Close Encounter With a Mac

Apple’s Worldwide Developer Conference (WWDC) will start on Monday and it brings me back the memory of my first encounter with the Mac:

In the spring of 1999 we finished a version of Netbeans for Mac. My Netbeans team worked on it with some friends from Apple and they invited me to present the IDE at their upcoming “meeting with developers”. I did know what to expect and so a few days later I showed up at the conference center in San Jose. To my surprise there were 2500 people in the audience. It was actually the second WWDC – a small event from today’s perspective.

My presentation was part of Java keynote and was supposed to build a small Java app in front of the audience. I never used Mac before and so I was struggling a bit with a single button mouse and the UI of an iMac. Fortunately everything worked, Netbeans did not crash but I guess I was the only presenter at the WWDC keynote ever who had never used Mac before…

I love my MacBook Air!

Over last 17 years I used notebooks from Unisys, Texas Instruments, Toshiba, Compaq, HP, Dell, IBM, Sony and Apple. But I was never so happy with any of these machines as I am now with my MacBook Air.

It’s lightweight, bright, fast and it has no moving parts. What else could I ask for? Standard MagSafe connector would be great so that I can use MB and MBP power adapters. And SSD could have bigger effect on the battery life.

I expect most of notebooks to look like MBA in 3 years. Once the price of used components goes down there will be no reason to carry anything bigger…

Mac OS X Software List

A few years ago Stefan published list of his favorite Mac utilities. When I started to use the new MB Air last week I realized that my list is completely different:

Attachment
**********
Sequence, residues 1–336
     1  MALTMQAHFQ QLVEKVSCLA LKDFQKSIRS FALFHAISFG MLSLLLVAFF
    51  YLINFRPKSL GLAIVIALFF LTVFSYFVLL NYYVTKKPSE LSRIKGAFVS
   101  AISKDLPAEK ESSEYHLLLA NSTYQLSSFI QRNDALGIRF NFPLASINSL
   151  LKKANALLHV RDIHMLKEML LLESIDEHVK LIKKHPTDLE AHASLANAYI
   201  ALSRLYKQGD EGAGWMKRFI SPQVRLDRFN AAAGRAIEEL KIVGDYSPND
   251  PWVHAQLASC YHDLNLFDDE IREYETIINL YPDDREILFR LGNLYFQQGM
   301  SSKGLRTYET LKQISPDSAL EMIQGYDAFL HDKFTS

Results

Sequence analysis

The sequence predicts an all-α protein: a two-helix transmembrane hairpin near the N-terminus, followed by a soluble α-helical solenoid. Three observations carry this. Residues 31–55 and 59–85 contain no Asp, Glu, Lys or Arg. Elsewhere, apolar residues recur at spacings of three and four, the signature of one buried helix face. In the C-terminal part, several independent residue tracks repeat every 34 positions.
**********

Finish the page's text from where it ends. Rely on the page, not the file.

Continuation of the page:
Remember The Milk
Google Calendar
Google Reader
Google Docs

Oh, I almost forgot to mention Firefox and Adium…

There was something in the air…

… and after a series of long flights (via Shanghai, Anchorage and San Francisco) it landed on my desk:

Apple’s answer to Ubuntu

This is how Nelson Mandela once explained the meaning of Ubuntu: “Ubuntu does not mean that people should not enrich themselves. The question therefore is: Are you going to do so in order to enable the community around you to improve?” And here is a recent answer from Apple:

The latest iPods have a cryptographic “checksum” in their song databases that prevents third-party applications from synching with the portable music players. This means that iPods can no longer be used with operating systems where iTunes doesn’t exist — like Linux.

I don’t think anybody needs Nelson Mandela to explain the meaning of this answer…

You say "Apple", I hear "control"

Ever since I came out as a Mac user little over a year ago I’ve been very happy with this choice. Unfortunately “choice” is not really word from Apple’s vocabulary. Everything related to products, music, software, public relations, technical support and so on is very tightly controlled by Apple.

I do understand that control give us the fully integrated experience we get from Mac or iPod but sometimes it’s simply overdone. One of many examples could be the famous Macbook Random Shutdown problem. It took Apple way too long to even acknowledge the existence of the problem and it really upset the community of users. Sometimes the control becomes completely counterproductive: you can’t simply report a problem with iTunes to Apple. You have to pick from “I bought the wrong version of a song”, “I bought the same song twice” and other pre-fabricated options that blame you, the user, before you can even send message to Apple.

Larry Lessig called me once a post-communist capitalist but I don’t think he was correct. I am simply looking for more balanced relationship with my computer/music player/software/media supplier. And I guess this is why I am using Ubuntu more and more. At the end of the day Ubuntu means: “I am because we are, and since we are, therefore I am“…

PS. Apparently the other possible meaning of Ubuntu is “I can’t configure Debian”…

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